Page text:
At home, I have reversed the strategy. Although we use Spanish and English at home, I have to admit that English is the stronger language for my girls. Their environment is mostly in English and as their main source of Spanish, I have to be extremely intentional and consistent with Spanish. So, whenever I introduce things the girls are unfamiliar with, I first say it in English and then I say it in Spanish. I have the girls repeat after me in Spanish and soon, these new words become part of their vocabulary! Like I have said before, it's not necessary all the time, but if we are ever falling behind, or if we are speaking of completely new things, the strategy is absolute gold.
I've said it before, and I will say it again (and again and again): raising and educating multilingual children is hard work! It takes consistency, intentionality, creativity, and a lot of trial and error to make it work. It won't always look pretty, but the results and the journey itself are worth all of the effort! With this tip, I have found an effective tool for my teaching arsenal and I hope you will find it effective too.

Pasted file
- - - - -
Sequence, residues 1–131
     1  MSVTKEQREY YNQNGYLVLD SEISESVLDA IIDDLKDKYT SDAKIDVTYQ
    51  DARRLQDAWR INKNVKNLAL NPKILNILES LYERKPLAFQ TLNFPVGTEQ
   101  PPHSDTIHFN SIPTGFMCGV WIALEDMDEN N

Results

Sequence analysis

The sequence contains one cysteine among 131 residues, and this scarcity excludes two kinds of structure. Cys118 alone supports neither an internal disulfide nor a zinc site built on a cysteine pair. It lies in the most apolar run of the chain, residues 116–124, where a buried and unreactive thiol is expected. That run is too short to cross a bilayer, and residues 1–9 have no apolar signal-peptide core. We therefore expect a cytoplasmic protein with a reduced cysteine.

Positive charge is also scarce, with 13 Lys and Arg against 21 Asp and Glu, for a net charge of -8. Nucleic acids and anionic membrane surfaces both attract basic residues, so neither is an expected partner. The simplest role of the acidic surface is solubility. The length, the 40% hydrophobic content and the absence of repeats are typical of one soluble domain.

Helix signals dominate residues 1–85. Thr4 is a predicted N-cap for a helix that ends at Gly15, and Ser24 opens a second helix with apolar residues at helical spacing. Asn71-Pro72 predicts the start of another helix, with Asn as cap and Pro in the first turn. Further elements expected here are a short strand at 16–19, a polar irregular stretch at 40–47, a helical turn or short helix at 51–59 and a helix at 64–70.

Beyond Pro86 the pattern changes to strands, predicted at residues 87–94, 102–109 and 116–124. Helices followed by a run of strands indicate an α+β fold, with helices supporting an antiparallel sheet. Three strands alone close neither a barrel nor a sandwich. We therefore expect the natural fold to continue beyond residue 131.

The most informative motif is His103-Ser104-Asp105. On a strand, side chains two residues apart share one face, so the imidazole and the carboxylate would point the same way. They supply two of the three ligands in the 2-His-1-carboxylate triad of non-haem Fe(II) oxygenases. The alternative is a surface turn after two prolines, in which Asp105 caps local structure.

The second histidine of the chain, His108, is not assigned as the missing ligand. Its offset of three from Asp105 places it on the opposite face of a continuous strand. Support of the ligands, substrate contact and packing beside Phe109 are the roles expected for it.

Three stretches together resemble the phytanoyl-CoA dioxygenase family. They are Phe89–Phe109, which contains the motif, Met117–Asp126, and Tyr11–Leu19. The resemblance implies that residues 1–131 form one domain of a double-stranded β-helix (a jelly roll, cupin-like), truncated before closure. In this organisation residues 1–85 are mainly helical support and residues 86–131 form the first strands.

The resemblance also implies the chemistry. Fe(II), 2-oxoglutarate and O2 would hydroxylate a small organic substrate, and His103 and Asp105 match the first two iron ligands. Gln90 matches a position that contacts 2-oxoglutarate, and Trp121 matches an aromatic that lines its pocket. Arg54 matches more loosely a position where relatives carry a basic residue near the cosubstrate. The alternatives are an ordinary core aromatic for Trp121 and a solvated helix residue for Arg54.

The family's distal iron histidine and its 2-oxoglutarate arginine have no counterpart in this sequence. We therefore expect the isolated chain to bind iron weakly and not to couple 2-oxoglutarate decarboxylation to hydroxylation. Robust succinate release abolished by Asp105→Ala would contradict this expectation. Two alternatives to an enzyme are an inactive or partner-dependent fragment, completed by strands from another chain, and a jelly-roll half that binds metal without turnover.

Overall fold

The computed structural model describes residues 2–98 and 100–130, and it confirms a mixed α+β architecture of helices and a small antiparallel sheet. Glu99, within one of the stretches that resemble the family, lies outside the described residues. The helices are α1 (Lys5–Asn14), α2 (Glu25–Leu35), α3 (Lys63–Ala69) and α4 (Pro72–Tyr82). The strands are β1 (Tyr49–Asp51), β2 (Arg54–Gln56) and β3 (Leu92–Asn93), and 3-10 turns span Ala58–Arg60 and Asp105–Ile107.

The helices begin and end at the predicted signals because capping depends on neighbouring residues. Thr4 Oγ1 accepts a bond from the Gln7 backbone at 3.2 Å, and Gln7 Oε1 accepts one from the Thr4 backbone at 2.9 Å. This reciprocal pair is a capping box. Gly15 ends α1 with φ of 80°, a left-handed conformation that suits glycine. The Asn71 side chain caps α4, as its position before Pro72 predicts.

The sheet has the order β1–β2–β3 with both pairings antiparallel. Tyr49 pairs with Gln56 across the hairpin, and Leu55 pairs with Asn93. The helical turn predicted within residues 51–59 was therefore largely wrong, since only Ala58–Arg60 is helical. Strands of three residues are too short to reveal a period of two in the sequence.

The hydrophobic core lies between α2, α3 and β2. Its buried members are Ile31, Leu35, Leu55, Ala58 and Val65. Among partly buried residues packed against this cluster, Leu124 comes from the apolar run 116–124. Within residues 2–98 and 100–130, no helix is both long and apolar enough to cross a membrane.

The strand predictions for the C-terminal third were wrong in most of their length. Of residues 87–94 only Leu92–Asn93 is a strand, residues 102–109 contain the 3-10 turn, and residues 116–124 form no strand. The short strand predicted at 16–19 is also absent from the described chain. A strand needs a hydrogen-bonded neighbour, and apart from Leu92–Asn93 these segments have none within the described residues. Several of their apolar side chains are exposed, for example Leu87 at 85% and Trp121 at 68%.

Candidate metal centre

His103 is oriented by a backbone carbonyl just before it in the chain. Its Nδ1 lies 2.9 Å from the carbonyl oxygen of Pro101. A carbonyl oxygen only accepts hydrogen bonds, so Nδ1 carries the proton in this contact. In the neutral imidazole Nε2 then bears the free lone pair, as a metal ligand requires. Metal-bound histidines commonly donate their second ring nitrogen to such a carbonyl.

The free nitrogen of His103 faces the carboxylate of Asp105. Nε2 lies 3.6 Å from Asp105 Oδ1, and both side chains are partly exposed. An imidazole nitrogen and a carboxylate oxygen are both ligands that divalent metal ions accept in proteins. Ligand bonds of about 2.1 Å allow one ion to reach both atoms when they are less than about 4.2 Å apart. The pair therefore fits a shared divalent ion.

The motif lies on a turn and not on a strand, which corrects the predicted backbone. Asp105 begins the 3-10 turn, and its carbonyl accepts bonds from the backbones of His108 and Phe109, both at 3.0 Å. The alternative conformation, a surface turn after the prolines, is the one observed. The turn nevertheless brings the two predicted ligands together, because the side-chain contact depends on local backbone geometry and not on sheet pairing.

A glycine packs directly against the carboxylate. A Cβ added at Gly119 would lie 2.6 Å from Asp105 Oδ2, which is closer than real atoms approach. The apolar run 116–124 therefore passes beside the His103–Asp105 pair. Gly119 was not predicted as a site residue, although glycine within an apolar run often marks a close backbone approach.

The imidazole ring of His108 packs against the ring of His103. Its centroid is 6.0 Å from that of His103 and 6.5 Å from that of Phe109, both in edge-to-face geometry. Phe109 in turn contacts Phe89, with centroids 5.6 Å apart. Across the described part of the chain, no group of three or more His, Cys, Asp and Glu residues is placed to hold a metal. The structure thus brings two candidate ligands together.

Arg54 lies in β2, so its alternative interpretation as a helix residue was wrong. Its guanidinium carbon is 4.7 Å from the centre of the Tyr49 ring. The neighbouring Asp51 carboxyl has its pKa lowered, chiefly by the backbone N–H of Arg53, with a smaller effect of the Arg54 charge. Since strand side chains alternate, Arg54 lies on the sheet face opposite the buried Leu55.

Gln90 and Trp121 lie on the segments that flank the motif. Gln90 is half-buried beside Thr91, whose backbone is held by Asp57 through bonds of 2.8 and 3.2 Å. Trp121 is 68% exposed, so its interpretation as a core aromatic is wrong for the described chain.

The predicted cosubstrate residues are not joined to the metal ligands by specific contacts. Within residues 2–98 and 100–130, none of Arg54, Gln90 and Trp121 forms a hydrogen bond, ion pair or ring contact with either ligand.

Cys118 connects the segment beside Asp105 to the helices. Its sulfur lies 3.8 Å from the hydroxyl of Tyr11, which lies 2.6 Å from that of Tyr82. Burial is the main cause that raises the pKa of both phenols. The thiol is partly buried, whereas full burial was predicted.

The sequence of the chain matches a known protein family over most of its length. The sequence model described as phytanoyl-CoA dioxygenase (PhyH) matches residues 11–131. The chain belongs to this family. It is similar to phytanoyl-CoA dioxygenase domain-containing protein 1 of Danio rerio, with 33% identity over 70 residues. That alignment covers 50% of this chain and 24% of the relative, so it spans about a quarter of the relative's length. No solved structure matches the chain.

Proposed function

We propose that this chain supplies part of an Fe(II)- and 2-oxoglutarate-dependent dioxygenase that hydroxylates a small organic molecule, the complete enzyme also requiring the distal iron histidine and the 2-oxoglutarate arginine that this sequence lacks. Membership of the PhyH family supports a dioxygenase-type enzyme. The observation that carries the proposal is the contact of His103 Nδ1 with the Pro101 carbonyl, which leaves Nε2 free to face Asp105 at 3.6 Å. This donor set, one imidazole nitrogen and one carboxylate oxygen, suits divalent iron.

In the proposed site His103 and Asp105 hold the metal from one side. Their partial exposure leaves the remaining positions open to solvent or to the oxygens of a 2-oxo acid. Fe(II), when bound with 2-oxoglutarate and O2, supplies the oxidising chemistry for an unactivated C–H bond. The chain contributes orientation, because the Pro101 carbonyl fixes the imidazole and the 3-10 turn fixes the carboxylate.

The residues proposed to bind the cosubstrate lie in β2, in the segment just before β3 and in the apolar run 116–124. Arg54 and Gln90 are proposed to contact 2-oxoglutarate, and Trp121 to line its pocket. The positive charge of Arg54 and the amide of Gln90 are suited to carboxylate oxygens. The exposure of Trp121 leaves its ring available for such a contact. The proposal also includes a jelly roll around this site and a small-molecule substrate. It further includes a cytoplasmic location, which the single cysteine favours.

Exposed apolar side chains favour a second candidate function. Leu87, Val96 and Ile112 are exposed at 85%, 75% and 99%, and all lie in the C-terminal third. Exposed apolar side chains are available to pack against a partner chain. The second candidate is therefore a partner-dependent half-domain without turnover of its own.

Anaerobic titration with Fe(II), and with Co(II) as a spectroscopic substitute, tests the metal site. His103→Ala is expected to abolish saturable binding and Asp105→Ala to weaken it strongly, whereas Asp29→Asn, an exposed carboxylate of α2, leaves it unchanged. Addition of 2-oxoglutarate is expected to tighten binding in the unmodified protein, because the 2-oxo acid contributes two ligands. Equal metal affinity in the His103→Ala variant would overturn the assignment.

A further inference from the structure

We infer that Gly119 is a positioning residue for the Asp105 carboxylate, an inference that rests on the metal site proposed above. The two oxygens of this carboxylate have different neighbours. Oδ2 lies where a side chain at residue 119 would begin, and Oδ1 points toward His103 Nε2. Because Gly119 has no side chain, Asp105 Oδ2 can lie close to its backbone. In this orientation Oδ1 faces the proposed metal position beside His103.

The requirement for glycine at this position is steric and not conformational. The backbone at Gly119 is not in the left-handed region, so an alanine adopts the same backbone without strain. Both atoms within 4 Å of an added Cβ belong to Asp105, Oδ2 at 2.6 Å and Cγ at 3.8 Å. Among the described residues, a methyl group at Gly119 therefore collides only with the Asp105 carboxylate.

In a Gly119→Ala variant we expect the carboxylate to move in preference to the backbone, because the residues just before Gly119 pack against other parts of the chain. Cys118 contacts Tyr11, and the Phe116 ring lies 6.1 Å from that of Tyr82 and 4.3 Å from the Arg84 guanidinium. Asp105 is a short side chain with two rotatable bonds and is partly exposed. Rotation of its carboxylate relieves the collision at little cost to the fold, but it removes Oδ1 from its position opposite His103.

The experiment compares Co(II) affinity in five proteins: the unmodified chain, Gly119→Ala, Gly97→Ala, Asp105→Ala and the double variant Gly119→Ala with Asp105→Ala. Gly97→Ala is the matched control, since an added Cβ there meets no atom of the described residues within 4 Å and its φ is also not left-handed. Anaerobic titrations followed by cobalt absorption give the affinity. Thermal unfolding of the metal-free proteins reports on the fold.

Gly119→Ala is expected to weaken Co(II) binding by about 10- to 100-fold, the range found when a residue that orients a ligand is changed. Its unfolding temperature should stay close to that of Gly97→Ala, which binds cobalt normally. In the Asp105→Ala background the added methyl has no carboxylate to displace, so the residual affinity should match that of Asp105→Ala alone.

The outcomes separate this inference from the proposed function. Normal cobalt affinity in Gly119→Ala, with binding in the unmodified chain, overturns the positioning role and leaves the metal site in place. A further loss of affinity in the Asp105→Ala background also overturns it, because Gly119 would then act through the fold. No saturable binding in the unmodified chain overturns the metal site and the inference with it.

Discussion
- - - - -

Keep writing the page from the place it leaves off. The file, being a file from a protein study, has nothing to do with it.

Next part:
How about you? Do you have any tips or tricks to share for language learning? We would love to hear from you! Share in the comments below.
Keli Garcia-Allen is a certified Spanish teacher and currently works as a preschool teacher in a bilingual classroom. She is the Head of Content for Learn Safari and is currently working on Spanish Safari, a Spanish Learning game for children 5-9 years old. You can follow her and the rest of the team on Facebook, Instagram, and